2018 marks the most volatile year of trading on the stock market in the past 10 years. Over the year there were four times when the S&P 500 fluctuated by more than four percent. And the Dow Jones Industrial Average had the highest closing record to date, on October 3rd of 2018.
Since the highpoint, in 2018, the Trump administrations trade wars and government shutdowns are causing the market to trade on a sideways slant. To understand the significance of the markets current state, and to predict what is to come, you must retrospect on where the market is coming from.
This article is a retrospective analysis of the highs and lows in the market over the past ten years. Learn about the driving forces behind spikes and troughs in the market. And, figure out where the market is heading in 2019.
Stock Markets Highs and Lows Over the Last Decade
Since the United States presidential election of 2016, the market has seen 96 record-setting closes. The administration’s regulatory rollbacks and the promise of jobs boosted investor confidence. Trump mounted attacks against the Affordable Care Act and reduced taxes for the wealthy.
Investor confidence means the price of the dow stock goes up and investors make money. However, a fast-moving bull market is prohibitive for smaller investors and individuals, which can cause economic stagnation.
The result of this is a weakening dollar and a huge increase in foreign investment–the profits of which are spent outside the country.
This economic expansion is synonymous to that always which occurs in a post-recession market. The rate of record-setting highs and lows of the market, however, are happening in more density and closer together.
2008 and 2009
On the 9th of October, 2007 the Dow Jones hit its all-time high, at 14,164.43. Even so, it only took one percent of contraction in the gross domestic product for the fourth-quarter to signify the onset of a recession.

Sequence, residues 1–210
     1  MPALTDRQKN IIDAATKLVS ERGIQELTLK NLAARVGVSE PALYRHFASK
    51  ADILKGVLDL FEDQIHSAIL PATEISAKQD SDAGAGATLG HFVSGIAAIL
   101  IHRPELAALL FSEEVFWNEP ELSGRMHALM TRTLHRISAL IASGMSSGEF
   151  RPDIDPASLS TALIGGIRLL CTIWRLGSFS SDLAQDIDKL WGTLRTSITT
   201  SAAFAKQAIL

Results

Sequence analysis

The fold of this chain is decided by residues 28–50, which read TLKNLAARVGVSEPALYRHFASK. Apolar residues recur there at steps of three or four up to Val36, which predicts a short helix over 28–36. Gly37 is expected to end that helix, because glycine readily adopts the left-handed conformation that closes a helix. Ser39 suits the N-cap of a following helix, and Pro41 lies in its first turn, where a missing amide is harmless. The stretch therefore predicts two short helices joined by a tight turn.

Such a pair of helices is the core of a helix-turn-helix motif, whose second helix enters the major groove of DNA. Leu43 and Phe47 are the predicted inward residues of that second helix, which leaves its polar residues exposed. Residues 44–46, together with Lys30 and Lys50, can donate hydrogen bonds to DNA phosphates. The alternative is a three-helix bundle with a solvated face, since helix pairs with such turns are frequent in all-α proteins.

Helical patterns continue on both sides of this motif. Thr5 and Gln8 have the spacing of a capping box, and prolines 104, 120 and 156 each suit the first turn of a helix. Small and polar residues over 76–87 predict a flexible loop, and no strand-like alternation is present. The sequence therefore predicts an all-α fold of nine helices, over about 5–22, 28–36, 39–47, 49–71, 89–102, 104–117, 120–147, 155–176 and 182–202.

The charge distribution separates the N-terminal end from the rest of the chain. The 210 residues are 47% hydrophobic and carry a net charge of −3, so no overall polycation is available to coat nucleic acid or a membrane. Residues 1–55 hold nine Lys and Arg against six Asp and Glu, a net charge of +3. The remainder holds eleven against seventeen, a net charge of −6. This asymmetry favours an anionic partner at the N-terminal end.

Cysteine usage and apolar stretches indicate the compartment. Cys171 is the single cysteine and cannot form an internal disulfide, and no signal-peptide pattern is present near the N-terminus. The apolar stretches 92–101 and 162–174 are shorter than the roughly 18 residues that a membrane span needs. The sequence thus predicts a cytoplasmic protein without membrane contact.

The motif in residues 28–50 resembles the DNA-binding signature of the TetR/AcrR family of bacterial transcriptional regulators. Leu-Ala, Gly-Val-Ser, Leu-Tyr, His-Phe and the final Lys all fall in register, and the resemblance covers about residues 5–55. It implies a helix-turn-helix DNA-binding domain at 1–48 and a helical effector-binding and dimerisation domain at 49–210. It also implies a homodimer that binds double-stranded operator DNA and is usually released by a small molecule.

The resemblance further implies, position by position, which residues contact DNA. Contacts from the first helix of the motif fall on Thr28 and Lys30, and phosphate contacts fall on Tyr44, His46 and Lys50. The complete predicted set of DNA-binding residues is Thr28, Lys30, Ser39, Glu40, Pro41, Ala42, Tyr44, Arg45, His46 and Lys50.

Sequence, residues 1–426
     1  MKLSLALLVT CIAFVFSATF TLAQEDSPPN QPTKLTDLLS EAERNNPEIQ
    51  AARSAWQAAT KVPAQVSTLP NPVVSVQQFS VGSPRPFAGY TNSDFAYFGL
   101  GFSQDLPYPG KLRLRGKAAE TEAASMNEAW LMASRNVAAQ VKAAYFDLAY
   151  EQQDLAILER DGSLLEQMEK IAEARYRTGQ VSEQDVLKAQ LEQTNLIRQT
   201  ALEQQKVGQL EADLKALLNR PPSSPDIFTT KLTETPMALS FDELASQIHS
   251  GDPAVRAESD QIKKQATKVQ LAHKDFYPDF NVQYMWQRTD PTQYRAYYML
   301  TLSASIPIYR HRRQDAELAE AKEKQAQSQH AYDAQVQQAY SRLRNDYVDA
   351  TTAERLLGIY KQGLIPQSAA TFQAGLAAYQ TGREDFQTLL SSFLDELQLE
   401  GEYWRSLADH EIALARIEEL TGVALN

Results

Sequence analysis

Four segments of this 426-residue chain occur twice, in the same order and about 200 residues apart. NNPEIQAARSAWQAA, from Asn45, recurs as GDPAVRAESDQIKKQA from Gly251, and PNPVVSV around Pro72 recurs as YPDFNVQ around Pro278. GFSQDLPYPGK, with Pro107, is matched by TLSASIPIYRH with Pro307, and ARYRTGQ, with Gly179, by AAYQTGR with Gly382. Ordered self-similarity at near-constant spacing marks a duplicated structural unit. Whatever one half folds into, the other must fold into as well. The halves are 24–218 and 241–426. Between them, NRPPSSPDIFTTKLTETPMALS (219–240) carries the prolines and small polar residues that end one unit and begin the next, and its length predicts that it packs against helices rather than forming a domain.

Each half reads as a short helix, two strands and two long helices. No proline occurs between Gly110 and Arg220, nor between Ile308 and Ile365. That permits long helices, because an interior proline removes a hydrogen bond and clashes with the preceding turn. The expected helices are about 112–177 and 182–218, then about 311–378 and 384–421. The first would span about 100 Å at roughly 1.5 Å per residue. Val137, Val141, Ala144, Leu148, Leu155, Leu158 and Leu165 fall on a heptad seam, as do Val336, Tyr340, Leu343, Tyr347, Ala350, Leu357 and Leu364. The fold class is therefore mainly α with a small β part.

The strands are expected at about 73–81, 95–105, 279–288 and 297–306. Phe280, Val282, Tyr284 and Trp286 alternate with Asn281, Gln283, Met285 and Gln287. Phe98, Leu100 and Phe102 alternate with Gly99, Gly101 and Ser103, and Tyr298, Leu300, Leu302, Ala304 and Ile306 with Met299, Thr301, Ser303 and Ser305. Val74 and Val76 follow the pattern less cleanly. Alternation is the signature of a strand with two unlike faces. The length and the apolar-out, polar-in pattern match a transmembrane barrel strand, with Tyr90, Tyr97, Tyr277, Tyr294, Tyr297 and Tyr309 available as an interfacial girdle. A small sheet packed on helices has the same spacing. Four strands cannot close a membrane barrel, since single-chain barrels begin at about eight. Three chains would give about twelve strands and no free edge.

The contraction, however, was absolutely wrong, and later re-estimated at an expansion of three percent.
The market’s expansion, before 2008, was induced by subprime mortgage lending. Basically, the value of mortgages was vastly inflated, causing low interest and overspending, which leads to the inevitable crash.
By April of 2008, Bear Sterns went broke and the Dow Jones lost 20 percent. Five months later, Lehman Brothers declared bankruptcy and, two days later, failing banks removed over $140 billion from mutual funds. Before October hit, the Dow plummeted 770 points.
Over the month of October 2008, the Dow lost another 13 percent. By November 20th, the Dow saw a new bottom, at 7,552.29. After a short upturn to above 9,000 in January 2009, the Dow Jones hit rock bottom at 6,594.44 on March 5, 2009.
Over the course of 17 months, the Dow Jones Industrial Average experienced a 50 percent loss. It was not until late July of 2009 that a reversal occurred and the Dow climbed to 9,093.24.
2013 and 2014
In 2013, the Dow Jones has the best year to date. It climbs nearly 3,500 points, an increase of more than 26 percent. It closes at 14,253.77 on March 5, 2013, surpassing its previous record from 2007. By May, it is above 15,000 for the first time in history.